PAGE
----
Thermal Treatment of Wastewater Residuals: Clean Water Act Meets the Clean Air Act
Abstract:For over thirty years the Clean Water Act has resulted in tremendous improvements in the quality of the wastewater effluent from treatment plants and in the quality of the water in receiving waterways. Similarly, the Clean Air Act has greatly reduced emissions to the atmosphere and improved the air quality in urban areas. For wastewater treatment plant residuals that are thermally treated, the requirements of both the Clean Water and Clean Air Acts must be satisfied.
The Clean Water Act Amendments of 1987 required the U.S. Environmental Protection Agency (U.S. EPA) to establish standards for the use or disposal of sewage sludge. These standards defined performance requirements for land application, surface disposal and incineration and were incorporated into Title 40 Part 503 of the Code of Federal Regulations (40 CFR 503). If any of the land application, surface disposal or incineration of biosolids are practiced following the rules defined in the U.S. EPA Part 503 Regulations, and any additional State (or Provincial) regulations, then the risks to the practices are considered safe and the risks to the communities are trivial. In addition, landfilling in a municipal waste landfill, practiced in accordance with applicable EPA rules for solid waste management, is also considered safe.
Where thermal treatment is needed to prepare a pelletized soil amendment or combust wastewater residuals, the requirements of the Clean Air Act must also be considered. That the Clean Air Act (CAA) includes requirements for the combustion of wastewater treatment plant residuals is recognized in the Part 503 regulations. However, advancements in thermal treatment technologies and the complexity of the air quality permitting requirements under the CAA makes it timely for these requirements to be reviewed.
Before a thermal treatment process for wastewater residuals is constructed or modified it must be reviewed prior to construction of the facility or completion of the planned modifications. The nature of the review depends on the type of facility, the magnitude of the potential emissions and attainment status for the area where the plant is located. If the facility is located in an area that is not in attainment of the National Ambient Air Quality Standards (NAAQS), stringent air pollution control requirements and emissions limits will apply (CAA Part D). A facility located in an area meeting the NAAQS, may still be subject to a comprehensive permit review (CAA Part C), but the resulting emission limits may be less stringent than a facility located in a non-attainment area.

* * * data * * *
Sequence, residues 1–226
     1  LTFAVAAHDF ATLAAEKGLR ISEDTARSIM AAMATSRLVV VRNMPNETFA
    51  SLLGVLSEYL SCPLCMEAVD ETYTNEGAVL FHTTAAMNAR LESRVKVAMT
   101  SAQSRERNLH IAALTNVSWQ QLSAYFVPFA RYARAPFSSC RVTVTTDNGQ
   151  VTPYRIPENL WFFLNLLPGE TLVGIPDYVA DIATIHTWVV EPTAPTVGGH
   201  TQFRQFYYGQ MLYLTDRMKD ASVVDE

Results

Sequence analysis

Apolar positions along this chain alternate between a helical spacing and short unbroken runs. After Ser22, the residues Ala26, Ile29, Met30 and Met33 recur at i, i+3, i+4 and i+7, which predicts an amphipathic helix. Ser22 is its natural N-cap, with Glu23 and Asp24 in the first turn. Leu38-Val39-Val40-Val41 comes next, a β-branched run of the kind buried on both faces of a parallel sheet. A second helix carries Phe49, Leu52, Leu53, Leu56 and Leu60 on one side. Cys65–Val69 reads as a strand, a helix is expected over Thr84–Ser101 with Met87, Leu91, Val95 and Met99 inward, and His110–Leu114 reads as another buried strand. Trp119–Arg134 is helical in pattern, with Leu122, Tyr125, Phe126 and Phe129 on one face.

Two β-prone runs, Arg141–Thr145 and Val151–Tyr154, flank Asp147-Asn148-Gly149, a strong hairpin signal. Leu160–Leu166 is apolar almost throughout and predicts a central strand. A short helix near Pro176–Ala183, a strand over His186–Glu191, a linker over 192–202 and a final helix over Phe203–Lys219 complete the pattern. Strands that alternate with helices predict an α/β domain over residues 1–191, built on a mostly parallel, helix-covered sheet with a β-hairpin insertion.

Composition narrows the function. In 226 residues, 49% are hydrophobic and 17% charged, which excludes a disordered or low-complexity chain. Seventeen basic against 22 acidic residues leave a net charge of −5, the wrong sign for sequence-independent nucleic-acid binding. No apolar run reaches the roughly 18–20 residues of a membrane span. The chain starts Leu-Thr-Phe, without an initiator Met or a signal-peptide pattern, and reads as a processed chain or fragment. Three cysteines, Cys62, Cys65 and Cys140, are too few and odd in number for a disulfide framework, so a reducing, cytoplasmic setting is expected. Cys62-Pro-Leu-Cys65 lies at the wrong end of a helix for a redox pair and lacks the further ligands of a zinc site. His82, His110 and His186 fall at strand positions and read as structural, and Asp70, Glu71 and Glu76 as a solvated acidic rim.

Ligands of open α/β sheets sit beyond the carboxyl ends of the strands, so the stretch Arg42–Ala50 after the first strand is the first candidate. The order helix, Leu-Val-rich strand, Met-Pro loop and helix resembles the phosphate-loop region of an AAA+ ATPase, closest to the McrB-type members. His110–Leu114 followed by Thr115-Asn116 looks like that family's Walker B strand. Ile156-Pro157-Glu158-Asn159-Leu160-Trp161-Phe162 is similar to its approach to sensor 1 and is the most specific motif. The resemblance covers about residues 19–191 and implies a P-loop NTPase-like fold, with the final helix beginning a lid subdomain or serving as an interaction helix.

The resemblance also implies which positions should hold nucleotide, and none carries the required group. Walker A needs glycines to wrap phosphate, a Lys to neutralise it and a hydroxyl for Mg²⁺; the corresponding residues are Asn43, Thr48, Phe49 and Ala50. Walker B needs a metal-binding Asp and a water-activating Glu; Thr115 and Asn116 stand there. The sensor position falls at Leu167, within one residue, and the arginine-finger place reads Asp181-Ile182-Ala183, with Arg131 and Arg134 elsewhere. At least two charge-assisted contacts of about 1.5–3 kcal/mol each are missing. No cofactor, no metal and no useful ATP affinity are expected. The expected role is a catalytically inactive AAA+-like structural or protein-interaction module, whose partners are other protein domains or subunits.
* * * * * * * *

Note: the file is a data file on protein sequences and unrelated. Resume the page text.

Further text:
Emissions limits are established under the New Source Performance Standards (CAA Sec. 111) and National Emission Standards for Hazardous Air Pollutant regulations (CAA Sec. 112). These limits are minimum requirements. More stringent limits may be established as a result of the Best Available Control Technology or Lowest Achievable Emission Limit review conducted as part of the permitting process. State Air Toxics programs may also establish emission limits of some hazardous air pollutants.
Once the facility is constructed, the Operating Permit program assures continued compliance and reporting of actual emissions from the major facilities. The Operating Permit program (Title V of the CAA) consolidates the emission limits established for the entire facility and defines a means to monitor compliance with the limits.
The critical issue with respect to permitting thermal treatment units under the Clean Air Act is that approval from the reviewing agency must be received before construction commences. While complying with the requirements of the Clean Air Act can be achieved, the specific emission limits that may apply to a facility may be influence by the attainment status of the facility site, local meteorology or terrain features and the state regulatory requirements. Thus, careful consideration to the air permitting requirements for a thermal treatment system must be made at the early planning and design phases of project.
Document Type: Research Article
Publication date: 2004-01-01
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